Earnings management during the global financial crisis: evidence from Australia

Abu MOLLIK, Monir MIR, Md Khokan Bepari, Ron McIver

    Research output: A Conference proceeding or a Chapter in BookConference contribution

    Abstract

    This paper examines if Australian firms engaged in a higher level of earnings management during the global financial crisis (GFC) and if there was any industry effect on firms’ earnings management. During financial crises many firms experience a systematic decline in incomes, and majority of them report a fall in earnings or losses. The onset of a financial crisis may, therefore, trigger or magnify managerial motives to engage in earnings management, attributing the reduced earnings (or losses) to the macroeconomic shocks rather than to poor managerial performance. Earnings management has been defined in terms of the discretionary components of total accruals. We use parametric and non-parametric tests and panel data regression methods to analyse the impact of the GFC and industry effect on the discretionary accruals sample comprised of 149 Australian firms during the 2006 to 2009 period. We find that Australian firms engaged in a higher level of income-decreasing earnings management during the GFC. This finding is consistent with that of earlier research in the Asian Financial Crisis context. We also find that firms’ industry classification has statistically significant effect on their earnings management.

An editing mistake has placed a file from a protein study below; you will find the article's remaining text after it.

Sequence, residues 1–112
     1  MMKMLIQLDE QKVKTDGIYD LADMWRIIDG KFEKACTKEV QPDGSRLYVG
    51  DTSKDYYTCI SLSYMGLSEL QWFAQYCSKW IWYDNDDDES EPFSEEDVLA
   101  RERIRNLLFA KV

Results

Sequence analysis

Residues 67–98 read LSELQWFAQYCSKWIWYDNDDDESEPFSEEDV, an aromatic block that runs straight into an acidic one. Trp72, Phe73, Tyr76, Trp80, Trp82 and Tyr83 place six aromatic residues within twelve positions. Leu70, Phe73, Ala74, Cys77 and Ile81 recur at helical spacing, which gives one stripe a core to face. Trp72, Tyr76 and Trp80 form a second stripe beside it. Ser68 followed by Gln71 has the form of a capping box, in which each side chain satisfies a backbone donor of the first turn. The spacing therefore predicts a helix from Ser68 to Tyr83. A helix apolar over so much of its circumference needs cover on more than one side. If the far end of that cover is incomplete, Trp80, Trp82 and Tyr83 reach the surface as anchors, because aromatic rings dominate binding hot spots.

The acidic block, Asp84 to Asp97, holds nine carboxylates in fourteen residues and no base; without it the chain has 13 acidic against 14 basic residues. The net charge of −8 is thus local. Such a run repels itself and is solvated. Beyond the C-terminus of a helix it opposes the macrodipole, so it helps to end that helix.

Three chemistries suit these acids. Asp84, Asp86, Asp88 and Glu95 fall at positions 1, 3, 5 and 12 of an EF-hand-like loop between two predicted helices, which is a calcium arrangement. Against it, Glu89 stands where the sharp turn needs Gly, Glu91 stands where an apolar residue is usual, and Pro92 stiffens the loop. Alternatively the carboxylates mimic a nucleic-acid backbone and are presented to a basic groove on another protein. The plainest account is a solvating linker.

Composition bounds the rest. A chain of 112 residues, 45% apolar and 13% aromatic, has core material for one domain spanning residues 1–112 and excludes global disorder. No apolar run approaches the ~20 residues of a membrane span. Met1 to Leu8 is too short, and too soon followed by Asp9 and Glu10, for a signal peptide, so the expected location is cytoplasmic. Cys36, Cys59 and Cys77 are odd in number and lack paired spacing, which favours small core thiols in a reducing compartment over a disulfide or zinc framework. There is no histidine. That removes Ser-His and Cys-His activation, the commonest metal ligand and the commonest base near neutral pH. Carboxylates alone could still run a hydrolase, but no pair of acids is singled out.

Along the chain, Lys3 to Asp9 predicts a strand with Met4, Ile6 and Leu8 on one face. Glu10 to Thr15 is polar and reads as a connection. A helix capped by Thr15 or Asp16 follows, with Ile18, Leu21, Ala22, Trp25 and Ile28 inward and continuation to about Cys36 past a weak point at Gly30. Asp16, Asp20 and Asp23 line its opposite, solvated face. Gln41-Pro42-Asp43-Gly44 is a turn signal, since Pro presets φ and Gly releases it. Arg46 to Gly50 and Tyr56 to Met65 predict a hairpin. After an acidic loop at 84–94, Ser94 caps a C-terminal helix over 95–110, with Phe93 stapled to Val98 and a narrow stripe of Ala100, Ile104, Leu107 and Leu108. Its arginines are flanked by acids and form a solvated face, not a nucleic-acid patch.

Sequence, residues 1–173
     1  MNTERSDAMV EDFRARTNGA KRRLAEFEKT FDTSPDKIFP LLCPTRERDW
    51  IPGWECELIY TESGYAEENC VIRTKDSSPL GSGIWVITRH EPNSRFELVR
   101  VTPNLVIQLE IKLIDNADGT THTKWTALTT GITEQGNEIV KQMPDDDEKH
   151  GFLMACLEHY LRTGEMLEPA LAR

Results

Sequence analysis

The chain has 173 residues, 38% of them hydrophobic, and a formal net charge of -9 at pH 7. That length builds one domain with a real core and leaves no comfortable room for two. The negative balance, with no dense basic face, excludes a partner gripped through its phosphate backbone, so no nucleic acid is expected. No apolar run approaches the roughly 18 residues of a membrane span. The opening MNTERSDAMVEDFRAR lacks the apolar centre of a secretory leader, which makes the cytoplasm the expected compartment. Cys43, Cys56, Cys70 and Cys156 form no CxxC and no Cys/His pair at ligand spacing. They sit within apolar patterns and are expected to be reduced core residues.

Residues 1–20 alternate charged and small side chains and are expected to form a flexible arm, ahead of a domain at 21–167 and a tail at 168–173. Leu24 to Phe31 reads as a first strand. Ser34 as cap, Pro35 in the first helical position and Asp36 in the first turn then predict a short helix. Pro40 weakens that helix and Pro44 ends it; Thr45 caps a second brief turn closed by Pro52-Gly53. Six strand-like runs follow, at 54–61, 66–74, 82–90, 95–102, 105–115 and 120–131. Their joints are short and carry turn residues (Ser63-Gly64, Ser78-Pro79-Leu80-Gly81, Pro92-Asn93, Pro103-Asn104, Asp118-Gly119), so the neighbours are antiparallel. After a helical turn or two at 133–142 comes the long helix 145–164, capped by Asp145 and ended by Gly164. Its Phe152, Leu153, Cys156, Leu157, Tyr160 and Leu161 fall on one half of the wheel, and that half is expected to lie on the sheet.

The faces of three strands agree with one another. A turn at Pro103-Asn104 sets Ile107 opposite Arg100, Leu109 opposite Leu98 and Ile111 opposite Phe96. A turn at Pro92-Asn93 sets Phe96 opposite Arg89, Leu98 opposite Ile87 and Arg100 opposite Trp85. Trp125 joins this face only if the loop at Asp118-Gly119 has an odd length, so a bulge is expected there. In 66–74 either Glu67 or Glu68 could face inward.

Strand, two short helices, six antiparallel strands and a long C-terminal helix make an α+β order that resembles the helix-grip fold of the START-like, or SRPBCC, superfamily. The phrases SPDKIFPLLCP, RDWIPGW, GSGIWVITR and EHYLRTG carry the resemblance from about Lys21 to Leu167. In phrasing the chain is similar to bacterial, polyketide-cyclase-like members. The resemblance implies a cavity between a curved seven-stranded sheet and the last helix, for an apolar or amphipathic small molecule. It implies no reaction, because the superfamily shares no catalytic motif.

Original languageEnglish
    Title of host publicationProceedings of International Business and Social Sciences Research Conference
    EditorsMd Mahbubul Hoque Bhuiyan
    Place of PublicationMelbourne
    PublisherWorld Business Institute Australia
    Pages1-27
    Number of pages27
    ISBN (Print)9781922069382
    Publication statusPublished - 2013
    EventInternational Business and Social Sciences Research Conference - Cancun, Cancun, Mexico
    Duration: 16 Dec 201318 Dec 2013

    Conference

    ConferenceInternational Business and Social Sciences Research Conference
    CountryMexico
    CityCancun
    Period16/12/1318/12/13

    Fingerprint

    Earnings management
    Global financial crisis
    Industry effects
    Income
    Financial crisis
    Financial industry
    Industry classification
    Accruals
    Macroeconomic shocks
    Panel data
    Discretionary accruals
    Managerial performance
    Asian financial crisis
    Trigger
    Nonparametric test
    Regression method

    Cite this

    MOLLIK, A., MIR, M., Bepari, M. K., & McIver, R. (2013). Earnings management during the global financial crisis: evidence from Australia. In M. M. H. Bhuiyan (Ed.), Proceedings of International Business and Social Sciences Research Conference (pp. 1-27). Melbourne: World Business Institute Australia.
    MOLLIK, Abu ; MIR, Monir ; Bepari, Md Khokan ; McIver, Ron. / Earnings management during the global financial crisis: evidence from Australia. Proceedings of International Business and Social Sciences Research Conference. editor / Md Mahbubul Hoque Bhuiyan. Melbourne : World Business Institute Australia, 2013. pp. 1-27